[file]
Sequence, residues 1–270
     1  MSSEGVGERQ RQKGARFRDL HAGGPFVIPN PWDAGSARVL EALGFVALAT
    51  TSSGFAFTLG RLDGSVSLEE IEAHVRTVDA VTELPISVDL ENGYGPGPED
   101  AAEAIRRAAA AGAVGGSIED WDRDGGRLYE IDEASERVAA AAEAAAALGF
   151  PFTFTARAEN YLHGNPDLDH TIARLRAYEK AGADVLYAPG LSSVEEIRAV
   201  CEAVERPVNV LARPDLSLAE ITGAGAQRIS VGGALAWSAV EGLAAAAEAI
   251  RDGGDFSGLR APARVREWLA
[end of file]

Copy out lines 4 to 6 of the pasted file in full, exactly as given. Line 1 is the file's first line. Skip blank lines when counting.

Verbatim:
   101  AAEAIRRAAA AGAVGGSIED WDRDGGRLYE IDEASERVAA AAEAAAALGF
   151  PFTFTARAEN YLHGNPDLDH TIARLRAYEK AGADVLYAPG LSSVEEIRAV
   201  CEAVERPVNV LARPDLSLAE ITGAGAQRIS VGGALAWSAV EGLAAAAEAI